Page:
How Plants Work – “Greatest Hits” of 2017 – October

Zehn (CC BY 2.0) by Thomas Kohler

From “Monster” Plants to Pumpkin DNA.

Looking back at the most popular plant news items of October 2017, I detect a bit of a Halloween theme in many of the stories.

See for yourself…

  • “Cat Whitney’s thread of her favorite spooky plants includes some of the plant kingdom’s most horrifying denizens:”
    Plants are monsters.
  • “Some plants behave like the mythical monster Hydra: Cut off their heads and they grow back, bigger and better than before. A new study finds that these “overcompensators,” as they are called, also augment their defensive chemistry – think plant venom – when they are clipped.”
    Some plants grow bigger – and meaner – when clipped, study finds.
  • “When a multicellular organism develops, each cell needs to know its place in relation to all other cells. This means cells need to communicate amongst themselves to create the patterns from which different tissue and cell types arise. In the case of animals, we know about the signals and mechanisms which drive these patterning processes.”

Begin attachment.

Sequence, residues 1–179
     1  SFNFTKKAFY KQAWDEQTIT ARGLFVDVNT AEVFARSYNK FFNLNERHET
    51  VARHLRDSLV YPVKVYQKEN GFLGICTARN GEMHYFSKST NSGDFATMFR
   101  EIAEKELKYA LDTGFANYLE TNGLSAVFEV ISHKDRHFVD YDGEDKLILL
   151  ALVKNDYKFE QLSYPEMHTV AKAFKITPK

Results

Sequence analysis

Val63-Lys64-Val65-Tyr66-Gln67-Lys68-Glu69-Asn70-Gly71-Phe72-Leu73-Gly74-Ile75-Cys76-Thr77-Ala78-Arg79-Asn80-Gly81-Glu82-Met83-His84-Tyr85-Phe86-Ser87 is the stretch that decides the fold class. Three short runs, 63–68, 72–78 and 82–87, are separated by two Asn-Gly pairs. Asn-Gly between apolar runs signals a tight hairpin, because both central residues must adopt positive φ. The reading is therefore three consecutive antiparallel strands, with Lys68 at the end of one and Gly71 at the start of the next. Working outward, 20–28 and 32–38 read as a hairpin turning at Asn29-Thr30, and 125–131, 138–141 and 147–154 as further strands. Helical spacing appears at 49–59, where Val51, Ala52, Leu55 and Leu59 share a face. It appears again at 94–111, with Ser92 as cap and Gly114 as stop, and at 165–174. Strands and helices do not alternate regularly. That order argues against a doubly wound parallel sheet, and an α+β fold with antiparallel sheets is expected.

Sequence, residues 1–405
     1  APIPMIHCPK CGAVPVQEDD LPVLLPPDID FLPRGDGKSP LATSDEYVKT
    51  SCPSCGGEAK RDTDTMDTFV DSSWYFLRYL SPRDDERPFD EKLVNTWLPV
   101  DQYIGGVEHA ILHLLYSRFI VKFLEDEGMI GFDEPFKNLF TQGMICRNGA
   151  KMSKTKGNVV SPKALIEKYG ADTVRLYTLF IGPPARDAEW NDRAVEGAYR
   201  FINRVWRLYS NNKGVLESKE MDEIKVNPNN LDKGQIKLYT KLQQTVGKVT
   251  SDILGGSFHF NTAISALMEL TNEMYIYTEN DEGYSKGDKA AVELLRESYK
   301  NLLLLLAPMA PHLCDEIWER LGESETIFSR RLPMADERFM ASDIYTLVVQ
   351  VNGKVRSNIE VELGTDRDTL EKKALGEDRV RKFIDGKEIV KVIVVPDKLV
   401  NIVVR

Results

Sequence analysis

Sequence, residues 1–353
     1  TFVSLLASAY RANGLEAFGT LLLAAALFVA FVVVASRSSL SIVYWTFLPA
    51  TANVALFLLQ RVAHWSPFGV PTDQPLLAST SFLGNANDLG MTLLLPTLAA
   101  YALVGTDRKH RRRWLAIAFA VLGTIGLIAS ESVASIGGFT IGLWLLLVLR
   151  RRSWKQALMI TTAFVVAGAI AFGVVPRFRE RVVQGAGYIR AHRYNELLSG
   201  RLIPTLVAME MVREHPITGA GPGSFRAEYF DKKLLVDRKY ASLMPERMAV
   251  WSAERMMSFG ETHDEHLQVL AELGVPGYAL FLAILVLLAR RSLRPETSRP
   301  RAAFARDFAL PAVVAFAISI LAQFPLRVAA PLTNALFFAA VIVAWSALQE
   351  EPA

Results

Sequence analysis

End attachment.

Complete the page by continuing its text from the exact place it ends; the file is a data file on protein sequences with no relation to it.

How plants decide on a pattern for a new leaf.
  • The first trees to have ever grown on Earth were also the most complex, new research has revealed. Fossils from a 374-million-year-old tree found in north-west China have revealed an interconnected web of woody strands within the trunk of the tree that is much more intricate than that of the trees we see around us today.”
    Fossils from the world’s oldest trees reveal complex anatomy never seen before.
  • For some, pumpkins conjure carved Halloween decorations, but for many people around the world, these gourds provide nutrition. Scientists at Boyce Thompson Institute (BTI) and the National Engineering Research Center for Vegetables in Beijing have sequenced the genomes of two important pumpkin species, Cucurbita maxima and Cucurbita moschata.“
    Pumpkin genomes sequenced revealing uncommon evolutionary history.
  • As the year 2017 transitioned from October into November, the most retweeted plant-related news item of each month went from pumpkins to bananas. See what I mean here, next time.

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